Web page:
June 17, 2013

Lab tracks Maine's tick time bomb

By Joe Lawlor / Staff Writer

(Continued from page 1)

Today's poll: Ticks

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Left to right, Ryan Lane, Mariana Rivera Rodriguez, Jocelyn Lahey and Conor McGrory identify types of ticks at Maine Medical Center’s Vector-borne Disease Laboratory in South Portland.

Gabe Souza/Staff Photographer

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Melanie Renell uses a square piece of corduroy attached to a broomstick to gather ticks at the Kennebunk Plains in Kennebunk on Thursday for the Vector-borne Disease Laboratory of the Maine Medical Center.

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There are multiple reasons for the deer tick's expansion, researchers say.

Lubelczyk said Maine's deer tick population has exploded in part because much of the state's farmland has been converted to open space or forestland in recent decades. Invasive, non-native species, such as Japanese barberry and bittersweet vine, have spread into the converted farmland, providing prime habitat for deer ticks, he said.

With suburban sprawl, more people live in the tick's habitat, Lubelczyk said. Increasing deer populations have also helped the deer tick population grow.

A thornier question is whether climate change has contributed to the spread of Lyme disease.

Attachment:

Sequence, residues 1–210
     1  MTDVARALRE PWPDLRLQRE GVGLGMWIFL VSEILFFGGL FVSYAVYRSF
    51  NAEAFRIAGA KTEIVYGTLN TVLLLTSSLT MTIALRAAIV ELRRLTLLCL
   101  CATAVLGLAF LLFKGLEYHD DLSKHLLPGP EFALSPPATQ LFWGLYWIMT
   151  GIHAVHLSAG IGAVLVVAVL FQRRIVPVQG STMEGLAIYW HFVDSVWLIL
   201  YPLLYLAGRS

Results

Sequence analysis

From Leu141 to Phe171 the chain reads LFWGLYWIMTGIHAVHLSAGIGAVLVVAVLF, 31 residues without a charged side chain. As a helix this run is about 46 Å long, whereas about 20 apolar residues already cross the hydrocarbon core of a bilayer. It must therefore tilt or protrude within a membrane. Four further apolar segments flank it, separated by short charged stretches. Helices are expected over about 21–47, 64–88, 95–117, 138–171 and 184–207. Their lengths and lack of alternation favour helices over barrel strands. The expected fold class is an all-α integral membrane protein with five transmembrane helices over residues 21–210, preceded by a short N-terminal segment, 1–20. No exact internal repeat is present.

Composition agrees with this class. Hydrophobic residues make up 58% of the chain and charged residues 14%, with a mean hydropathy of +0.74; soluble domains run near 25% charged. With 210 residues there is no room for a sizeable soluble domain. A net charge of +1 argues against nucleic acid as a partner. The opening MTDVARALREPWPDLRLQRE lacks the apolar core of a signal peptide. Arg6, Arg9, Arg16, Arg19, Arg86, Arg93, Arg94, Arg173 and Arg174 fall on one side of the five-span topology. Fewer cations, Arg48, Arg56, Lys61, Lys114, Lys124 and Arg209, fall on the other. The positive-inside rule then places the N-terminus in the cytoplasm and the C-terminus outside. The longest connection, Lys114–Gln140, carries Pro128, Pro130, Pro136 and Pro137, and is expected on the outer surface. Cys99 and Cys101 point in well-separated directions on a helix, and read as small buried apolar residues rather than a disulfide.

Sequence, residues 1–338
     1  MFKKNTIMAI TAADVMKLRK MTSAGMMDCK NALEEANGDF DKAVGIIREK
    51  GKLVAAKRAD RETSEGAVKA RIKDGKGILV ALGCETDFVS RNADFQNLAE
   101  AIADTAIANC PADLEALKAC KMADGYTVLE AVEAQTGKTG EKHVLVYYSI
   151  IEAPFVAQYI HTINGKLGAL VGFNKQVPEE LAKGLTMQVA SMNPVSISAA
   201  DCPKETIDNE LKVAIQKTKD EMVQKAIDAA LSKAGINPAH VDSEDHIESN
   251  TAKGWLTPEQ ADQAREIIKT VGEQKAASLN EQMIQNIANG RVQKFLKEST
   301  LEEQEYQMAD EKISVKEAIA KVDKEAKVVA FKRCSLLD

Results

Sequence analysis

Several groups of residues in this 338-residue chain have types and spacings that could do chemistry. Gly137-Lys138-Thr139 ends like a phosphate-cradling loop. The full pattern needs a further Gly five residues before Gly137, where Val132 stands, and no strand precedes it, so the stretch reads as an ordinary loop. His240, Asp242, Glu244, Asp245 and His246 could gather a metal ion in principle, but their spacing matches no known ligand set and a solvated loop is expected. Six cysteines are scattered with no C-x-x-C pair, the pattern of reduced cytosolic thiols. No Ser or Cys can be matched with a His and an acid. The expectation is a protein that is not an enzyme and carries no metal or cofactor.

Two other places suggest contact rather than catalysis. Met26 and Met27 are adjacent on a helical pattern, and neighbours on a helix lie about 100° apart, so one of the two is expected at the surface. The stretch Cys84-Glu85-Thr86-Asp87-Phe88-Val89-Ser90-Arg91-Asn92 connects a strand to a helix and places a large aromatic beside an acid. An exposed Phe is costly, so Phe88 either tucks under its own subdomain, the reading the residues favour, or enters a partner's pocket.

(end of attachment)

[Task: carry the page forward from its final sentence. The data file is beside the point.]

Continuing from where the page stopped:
The answer is unclear, but Lubelczyk said snow acts as an insulator for the deer ticks, and the ticks won't die off in the winter unless there's a deep freeze for a few weeks without snow.

"I suspect that part of the reason the range of the deer tick population has expanded (in Maine) is because of moderating temperatures," said Susan Elias, a researcher at the tick lab. "It hasn't been proven."

However, deer ticks die during extremely hot weather, which controls populations in the mid-Atlantic and Southern states, Elias said.

The tick lab also assists in researching natural products to combat ticks, so that property owners have an option other than pesticides. Rosemary wintergreen oil disrupts the nervous system in ticks, and is often available through pest control companies. Lubelczyk said a fungal spray that acts as a natural poison for ticks is also being developed.

People from all over the state send ticks to the lab for identification, either by mail or via the tick drop box. When the lab started counting the ticks it received -- in 1989 through the early 1990s -- the deer ticks were mostly from coastal areas in southern Maine. They have since spread to most of the state, and submissions are much more numerous.

The ticks go under a microscope for identification. On Wednesday, Lubelczyk was teaching volunteers and students how to tell the difference between the different varieties.

Dog ticks are pale gray, while deer ticks are darker. Dog ticks are also somewhat larger, the size of a grape when engorged with blood from feasting on the host.

Ticks can't jump, so they don't drop down on the heads of people taking walks in the forest. But Lubelczyk said it's still possible for ticks to latch onto your head if it brushes against leaves where ticks are hiding, or if you're rolling on the ground.

"Ticks are the consummate hitchhikers," Lubelczyk said.

Joe Lawlor can be reached at 791-6376 or at:

jlawlor@mainetoday.com

Twitter: @joelawlorph

 

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Today's poll: Ticks

Are you seeing more ticks this year?

Yes

No

View Results